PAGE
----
L&M note the colliers were dispersed by the Dutch, but none taken; bad weather drove some back to Newcastle. Next 6 March Pepys will report the chaldron price of coal up to £4. SPOILER: The Medway attack has consequences: prices of Fuel, light, and textiles were dearer in 1666-7 than at any other time in the late 17th century.

Michael Robinson   Link to this

@Walkley -- Chaldron -- Site 'Encyclopedia' page

http://www.pepysdiary.com/encyclopedia/7747/#di...
(Should link also to prior mentions and Wikipedia)

A. Hamilton   Link to this

I too was taken with the well-informed Miss Pierce and had to re-read the passage when I came to "he."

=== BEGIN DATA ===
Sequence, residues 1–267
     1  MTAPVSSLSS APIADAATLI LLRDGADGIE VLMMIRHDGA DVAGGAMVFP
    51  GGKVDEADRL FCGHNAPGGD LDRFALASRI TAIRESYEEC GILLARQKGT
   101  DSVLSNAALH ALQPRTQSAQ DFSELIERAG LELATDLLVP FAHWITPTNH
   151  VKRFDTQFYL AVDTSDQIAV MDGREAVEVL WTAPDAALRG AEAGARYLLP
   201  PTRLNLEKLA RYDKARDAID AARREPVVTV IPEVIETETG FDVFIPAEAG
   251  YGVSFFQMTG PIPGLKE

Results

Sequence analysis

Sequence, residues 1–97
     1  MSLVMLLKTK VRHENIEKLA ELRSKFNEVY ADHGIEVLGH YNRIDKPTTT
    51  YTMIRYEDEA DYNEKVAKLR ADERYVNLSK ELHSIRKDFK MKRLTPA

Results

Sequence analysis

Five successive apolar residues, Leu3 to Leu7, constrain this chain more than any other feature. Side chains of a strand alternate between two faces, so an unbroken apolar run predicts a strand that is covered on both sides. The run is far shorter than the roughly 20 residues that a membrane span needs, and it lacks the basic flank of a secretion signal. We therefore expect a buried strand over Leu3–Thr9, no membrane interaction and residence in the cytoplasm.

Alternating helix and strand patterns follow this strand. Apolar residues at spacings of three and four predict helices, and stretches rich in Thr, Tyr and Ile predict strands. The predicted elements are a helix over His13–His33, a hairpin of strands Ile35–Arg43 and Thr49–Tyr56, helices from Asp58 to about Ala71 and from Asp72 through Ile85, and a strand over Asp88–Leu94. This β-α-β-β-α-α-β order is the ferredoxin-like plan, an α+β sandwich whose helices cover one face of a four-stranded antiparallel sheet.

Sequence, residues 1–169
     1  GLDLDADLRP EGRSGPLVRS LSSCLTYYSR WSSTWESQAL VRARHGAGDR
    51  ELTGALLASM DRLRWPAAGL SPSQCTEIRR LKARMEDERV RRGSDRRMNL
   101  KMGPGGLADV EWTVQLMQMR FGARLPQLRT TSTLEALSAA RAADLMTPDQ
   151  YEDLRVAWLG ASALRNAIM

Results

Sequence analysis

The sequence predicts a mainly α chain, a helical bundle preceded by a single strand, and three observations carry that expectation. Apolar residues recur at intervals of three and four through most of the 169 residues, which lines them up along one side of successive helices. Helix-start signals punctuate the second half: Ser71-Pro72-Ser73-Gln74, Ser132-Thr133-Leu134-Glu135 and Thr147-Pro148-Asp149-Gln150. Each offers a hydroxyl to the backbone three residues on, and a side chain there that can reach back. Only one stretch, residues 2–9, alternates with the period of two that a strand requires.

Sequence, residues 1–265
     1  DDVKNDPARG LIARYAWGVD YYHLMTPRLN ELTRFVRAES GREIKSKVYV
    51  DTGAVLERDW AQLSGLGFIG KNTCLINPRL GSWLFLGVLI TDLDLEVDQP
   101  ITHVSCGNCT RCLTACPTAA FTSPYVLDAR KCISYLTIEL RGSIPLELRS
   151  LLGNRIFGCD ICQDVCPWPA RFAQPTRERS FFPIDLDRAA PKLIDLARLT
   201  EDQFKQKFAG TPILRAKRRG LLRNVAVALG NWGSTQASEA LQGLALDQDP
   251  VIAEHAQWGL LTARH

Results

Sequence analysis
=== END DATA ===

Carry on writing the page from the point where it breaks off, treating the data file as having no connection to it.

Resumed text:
Listened to some "theatah" folks gossip last night; I think Sam would have fit right in.

Robert Gertz   Link to this

Betty, Betty, and Betty...Well, our Bess. Must make for a bit of confused fun at table.

"Pepys, many thanks for a fine dinner. If you ever lay a hand on my daughter I will surgically remove yours, you know. We should meet to discuss the bill in detail and lets do this again sometime."

Ummn...

"Thanks. Yes."

To be fair, judging by his failure to pursue whilst alone in coach, Sam seems to have settled things with Betty Pierce without confiding to us. At some point either she or James must have made it clear she was off limits or possibly Sam's own social regulator kicks in to say "hands to thyself".

Robert Gertz   Link to this

"Pepys?! Pepys!! Samuel Pepys? Come out of that corner, man and sit with me. Pepys, what are you about...War take a holiday or something?. Ah, just joking my friend."

"Sir...John...I..."